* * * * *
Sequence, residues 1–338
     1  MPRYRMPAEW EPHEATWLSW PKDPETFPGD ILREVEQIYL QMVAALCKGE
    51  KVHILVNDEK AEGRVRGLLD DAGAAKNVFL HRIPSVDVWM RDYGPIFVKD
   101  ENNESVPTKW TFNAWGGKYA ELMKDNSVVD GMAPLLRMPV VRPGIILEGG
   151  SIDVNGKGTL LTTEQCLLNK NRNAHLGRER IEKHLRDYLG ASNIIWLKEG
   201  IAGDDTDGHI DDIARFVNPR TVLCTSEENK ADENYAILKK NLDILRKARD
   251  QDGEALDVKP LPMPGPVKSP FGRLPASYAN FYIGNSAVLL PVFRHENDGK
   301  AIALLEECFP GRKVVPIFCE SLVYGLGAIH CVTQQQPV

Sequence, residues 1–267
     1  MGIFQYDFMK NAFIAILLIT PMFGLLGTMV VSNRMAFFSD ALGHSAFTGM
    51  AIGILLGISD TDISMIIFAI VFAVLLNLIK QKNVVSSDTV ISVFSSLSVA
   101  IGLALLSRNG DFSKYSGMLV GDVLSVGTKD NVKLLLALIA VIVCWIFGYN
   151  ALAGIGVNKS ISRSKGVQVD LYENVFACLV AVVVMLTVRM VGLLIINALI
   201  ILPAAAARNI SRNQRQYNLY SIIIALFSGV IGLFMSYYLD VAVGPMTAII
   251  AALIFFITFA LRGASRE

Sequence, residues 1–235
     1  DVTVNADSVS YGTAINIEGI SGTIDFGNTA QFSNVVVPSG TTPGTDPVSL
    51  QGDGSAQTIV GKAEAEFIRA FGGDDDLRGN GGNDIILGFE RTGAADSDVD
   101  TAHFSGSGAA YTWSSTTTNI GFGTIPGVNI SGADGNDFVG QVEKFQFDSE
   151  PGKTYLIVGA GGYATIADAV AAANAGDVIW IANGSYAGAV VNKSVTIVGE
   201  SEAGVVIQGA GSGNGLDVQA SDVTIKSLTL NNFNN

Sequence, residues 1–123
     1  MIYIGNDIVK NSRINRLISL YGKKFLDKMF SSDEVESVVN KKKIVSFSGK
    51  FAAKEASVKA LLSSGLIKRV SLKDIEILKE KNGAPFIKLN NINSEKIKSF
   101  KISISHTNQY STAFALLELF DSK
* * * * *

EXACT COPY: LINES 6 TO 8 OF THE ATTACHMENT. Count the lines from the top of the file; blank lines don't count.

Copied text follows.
   201  IAGDDTDGHI DDIARFVNPR TVLCTSEENK ADENYAILKK NLDILRKARD
   251  QDGEALDVKP LPMPGPVKSP FGRLPASYAN FYIGNSAVLL PVFRHENDGK
   301  AIALLEECFP GRKVVPIFCE SLVYGLGAIH CVTQQQPV